nachricht Finding the lightest superdeformed triaxial atomic nucleus
20.10.2016 | The Henryk Niewodniczanski Institute of Nuclear Physics Polish Academy of Sciences

All articles from Physics and Astronomy >>>

The most recent press releases about innovation >>>

Die letzten 5 Focus-News des innovations-reports im Überblick:

Im Focus: New 3-D wiring technique brings scalable quantum computers closer to reality

Researchers from the Institute for Quantum Computing (IQC) at the University of Waterloo led the development of a new extensible wiring technique capable of controlling superconducting quantum bits, representing a significant step towards to the realization of a scalable quantum computer.

"The quantum socket is a wiring method that uses three-dimensional wires based on spring-loaded pins to address individual qubits," said Jeremy Béjanin, a PhD...

Im Focus: Scientists develop a semiconductor nanocomposite material that moves in response to light

In a paper in Scientific Reports, a research team at Worcester Polytechnic Institute describes a novel light-activated phenomenon that could become the basis for applications as diverse as microscopic robotic grippers and more efficient solar cells.

A research team at Worcester Polytechnic Institute (WPI) has developed a revolutionary, light-activated semiconductor nanocomposite material that can be used...

Im Focus: Diamonds aren't forever: Sandia, Harvard team create first quantum computer bridge

By forcefully embedding two silicon atoms in a diamond matrix, Sandia researchers have demonstrated for the first time on a single chip all the components needed to create a quantum bridge to link quantum computers together.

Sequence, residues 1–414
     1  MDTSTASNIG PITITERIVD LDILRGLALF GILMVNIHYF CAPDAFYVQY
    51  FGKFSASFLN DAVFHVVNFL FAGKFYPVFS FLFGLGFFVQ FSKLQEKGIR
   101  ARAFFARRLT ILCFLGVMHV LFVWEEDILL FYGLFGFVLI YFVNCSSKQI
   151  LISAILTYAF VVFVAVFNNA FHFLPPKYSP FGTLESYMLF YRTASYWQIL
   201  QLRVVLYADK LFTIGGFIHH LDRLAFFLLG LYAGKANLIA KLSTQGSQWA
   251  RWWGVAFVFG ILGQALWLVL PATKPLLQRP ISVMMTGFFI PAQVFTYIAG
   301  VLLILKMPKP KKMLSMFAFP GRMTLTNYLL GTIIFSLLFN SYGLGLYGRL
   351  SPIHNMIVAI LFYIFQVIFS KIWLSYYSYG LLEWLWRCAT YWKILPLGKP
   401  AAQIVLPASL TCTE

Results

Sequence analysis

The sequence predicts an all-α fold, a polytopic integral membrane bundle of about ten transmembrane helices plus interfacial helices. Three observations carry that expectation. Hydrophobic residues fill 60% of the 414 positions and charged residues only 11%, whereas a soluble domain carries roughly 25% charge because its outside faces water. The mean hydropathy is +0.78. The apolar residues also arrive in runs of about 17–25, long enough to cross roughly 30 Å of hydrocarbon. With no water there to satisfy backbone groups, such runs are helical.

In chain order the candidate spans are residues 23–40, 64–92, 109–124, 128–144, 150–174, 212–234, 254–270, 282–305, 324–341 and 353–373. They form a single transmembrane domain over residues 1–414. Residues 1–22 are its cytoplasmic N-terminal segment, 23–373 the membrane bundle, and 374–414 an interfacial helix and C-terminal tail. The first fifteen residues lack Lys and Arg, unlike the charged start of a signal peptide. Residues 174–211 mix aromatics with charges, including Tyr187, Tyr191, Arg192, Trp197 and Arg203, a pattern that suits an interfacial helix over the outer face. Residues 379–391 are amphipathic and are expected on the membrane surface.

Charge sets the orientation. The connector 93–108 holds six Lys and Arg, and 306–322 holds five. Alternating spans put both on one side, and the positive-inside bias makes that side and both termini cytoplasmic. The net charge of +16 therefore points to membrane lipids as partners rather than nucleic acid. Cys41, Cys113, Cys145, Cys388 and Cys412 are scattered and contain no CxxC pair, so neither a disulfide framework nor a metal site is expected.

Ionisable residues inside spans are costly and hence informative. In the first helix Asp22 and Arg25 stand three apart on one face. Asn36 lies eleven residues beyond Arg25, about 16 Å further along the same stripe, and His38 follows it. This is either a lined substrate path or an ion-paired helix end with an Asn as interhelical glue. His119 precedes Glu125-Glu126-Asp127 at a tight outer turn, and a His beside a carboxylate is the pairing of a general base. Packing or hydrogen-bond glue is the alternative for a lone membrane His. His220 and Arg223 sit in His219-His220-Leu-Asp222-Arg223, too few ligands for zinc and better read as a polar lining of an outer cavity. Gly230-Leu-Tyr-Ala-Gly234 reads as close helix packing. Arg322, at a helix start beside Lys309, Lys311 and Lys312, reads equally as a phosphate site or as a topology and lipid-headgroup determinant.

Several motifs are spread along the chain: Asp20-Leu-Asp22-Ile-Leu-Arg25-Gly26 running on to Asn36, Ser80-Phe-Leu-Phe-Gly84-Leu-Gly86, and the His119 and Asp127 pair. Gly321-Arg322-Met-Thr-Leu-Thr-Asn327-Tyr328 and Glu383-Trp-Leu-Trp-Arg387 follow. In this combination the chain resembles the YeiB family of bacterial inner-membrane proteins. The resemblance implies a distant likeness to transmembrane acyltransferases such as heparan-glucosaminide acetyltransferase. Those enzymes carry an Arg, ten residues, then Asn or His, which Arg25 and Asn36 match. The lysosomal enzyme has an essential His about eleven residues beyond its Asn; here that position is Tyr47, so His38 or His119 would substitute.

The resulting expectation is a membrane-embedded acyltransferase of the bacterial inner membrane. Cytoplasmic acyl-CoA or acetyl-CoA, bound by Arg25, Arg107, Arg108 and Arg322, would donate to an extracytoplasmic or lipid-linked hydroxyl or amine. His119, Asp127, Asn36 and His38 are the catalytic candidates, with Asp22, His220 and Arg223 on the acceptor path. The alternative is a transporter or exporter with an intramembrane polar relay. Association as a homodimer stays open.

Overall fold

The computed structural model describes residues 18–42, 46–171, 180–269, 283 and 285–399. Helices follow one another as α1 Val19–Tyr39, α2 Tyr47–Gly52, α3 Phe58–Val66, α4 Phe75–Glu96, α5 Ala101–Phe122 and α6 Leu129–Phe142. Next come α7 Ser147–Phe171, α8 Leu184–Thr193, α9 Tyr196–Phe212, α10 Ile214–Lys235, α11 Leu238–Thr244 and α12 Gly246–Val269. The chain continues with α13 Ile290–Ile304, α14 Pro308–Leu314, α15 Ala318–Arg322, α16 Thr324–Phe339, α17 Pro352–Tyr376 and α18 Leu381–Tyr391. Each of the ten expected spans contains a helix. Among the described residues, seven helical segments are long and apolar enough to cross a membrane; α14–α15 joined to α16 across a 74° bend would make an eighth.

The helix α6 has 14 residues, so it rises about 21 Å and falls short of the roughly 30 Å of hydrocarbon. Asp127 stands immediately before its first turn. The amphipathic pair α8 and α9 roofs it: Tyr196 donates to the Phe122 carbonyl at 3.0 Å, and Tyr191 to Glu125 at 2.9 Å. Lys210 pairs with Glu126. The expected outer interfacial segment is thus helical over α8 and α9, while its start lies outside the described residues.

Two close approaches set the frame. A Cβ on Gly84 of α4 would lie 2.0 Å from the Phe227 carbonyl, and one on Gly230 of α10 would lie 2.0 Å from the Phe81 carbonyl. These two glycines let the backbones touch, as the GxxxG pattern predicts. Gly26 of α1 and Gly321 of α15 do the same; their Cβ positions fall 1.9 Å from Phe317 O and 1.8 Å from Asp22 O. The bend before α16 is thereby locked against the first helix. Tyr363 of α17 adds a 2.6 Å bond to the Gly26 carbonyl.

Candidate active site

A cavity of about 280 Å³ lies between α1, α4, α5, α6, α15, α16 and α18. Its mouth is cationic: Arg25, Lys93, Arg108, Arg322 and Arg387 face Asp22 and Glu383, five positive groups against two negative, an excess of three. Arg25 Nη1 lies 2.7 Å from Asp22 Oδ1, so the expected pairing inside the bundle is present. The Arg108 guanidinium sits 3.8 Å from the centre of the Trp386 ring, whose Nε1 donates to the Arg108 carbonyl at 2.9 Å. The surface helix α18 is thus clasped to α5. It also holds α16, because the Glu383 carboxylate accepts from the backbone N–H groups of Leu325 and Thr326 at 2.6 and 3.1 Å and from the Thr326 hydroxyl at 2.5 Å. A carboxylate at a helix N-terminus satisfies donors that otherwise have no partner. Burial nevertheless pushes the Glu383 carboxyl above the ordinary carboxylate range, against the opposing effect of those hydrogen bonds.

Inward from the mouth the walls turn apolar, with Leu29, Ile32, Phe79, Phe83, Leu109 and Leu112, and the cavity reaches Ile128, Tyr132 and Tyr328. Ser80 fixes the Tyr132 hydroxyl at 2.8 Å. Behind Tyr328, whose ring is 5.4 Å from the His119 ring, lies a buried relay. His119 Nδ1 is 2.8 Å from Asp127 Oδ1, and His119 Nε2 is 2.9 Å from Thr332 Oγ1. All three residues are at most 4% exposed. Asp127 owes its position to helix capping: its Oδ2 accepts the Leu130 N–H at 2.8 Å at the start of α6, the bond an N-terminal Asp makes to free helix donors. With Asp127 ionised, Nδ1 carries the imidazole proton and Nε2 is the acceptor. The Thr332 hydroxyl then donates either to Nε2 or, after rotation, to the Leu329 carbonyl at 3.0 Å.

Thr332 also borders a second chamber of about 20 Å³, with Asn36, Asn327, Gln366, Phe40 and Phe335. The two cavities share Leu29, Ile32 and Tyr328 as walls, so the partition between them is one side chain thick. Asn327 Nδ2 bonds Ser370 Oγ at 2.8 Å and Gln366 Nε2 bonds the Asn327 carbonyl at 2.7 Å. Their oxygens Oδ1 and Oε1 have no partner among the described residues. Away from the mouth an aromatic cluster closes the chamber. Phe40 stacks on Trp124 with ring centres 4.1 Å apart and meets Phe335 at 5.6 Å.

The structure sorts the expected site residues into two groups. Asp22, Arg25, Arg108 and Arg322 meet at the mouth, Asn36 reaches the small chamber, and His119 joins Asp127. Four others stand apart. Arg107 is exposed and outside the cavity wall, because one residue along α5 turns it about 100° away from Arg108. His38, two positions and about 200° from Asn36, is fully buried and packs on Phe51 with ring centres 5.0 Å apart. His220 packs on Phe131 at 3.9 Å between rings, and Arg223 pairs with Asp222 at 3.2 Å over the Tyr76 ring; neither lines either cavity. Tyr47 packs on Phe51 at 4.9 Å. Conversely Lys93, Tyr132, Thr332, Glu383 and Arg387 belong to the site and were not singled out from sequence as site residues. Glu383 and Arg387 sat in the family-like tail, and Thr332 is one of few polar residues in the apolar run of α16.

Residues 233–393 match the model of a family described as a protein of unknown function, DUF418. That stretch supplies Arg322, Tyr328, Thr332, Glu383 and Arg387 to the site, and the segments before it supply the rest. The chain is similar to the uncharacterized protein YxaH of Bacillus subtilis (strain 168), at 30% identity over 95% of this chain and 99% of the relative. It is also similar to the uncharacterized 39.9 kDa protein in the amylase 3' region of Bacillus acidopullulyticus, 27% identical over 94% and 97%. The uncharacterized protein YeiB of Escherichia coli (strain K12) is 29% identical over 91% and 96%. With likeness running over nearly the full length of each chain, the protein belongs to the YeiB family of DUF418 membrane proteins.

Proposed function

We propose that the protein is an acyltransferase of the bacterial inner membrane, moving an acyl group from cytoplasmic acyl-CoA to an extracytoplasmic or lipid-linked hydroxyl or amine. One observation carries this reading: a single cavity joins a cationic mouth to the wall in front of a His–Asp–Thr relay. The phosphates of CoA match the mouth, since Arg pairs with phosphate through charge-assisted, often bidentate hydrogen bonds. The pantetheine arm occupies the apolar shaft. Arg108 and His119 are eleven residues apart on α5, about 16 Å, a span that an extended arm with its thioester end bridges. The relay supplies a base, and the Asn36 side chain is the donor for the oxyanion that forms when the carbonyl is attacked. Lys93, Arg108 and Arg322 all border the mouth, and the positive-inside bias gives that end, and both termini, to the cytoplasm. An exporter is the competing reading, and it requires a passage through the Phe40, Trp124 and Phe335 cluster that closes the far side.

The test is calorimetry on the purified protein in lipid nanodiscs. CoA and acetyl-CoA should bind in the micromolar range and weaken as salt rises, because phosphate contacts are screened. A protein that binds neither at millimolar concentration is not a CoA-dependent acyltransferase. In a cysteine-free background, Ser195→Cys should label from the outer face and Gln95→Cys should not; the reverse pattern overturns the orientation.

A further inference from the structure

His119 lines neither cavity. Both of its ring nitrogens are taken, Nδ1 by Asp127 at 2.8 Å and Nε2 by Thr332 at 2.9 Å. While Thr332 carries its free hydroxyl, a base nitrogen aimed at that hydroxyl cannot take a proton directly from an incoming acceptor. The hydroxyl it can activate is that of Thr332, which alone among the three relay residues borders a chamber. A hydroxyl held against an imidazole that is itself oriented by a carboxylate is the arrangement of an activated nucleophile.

"People have already built small quantum computers," says Sandia researcher Ryan Camacho. "Maybe the first useful one won't be a single giant quantum computer...

Im Focus: New Products - Highlights of COMPAMED 2016

COMPAMED has become the leading international marketplace for suppliers of medical manufacturing. The trade fair, which takes place every November and is co-located to MEDICA in Dusseldorf, has been steadily growing over the past years and shows that medical technology remains a rapidly growing market.

In 2016, the joint pavilion by the IVAM Microtechnology Network, the Product Market “High-tech for Medical Devices”, will be located in Hall 8a again and will...

Im Focus: Ultra-thin ferroelectric material for next-generation electronics

'Ferroelectric' materials can switch between different states of electrical polarization in response to an external electric field. This flexibility means they show promise for many applications, for example in electronic devices and computer memory. Current ferroelectric materials are highly valued for their thermal and chemical stability and rapid electro-mechanical responses, but creating a material that is scalable down to the tiny sizes needed for technologies like silicon-based semiconductors (Si-based CMOS) has proven challenging.

Now, Hiroshi Funakubo and co-workers at the Tokyo Institute of Technology, in collaboration with researchers across Japan, have conducted experiments to...

All Focus news of the innovation-report >>>



Event News

#IC2S2: When Social Science meets Computer Science - GESIS will host the IC2S2 conference 2017

14.10.2016 | Event News

Agricultural Trade Developments and Potentials in Central Asia and the South Caucasus

14.10.2016 | Event News

World Health Summit – Day Three: A Call to Action

12.10.2016 | Event News

Latest News

Resolving the mystery of preeclampsia

21.10.2016 | Health and Medicine

Stanford researchers create new special-purpose computer that may someday save us billions

21.10.2016 | Information Technology

From ancient fossils to future cars

21.10.2016 | Materials Sciences

More VideoLinks >>>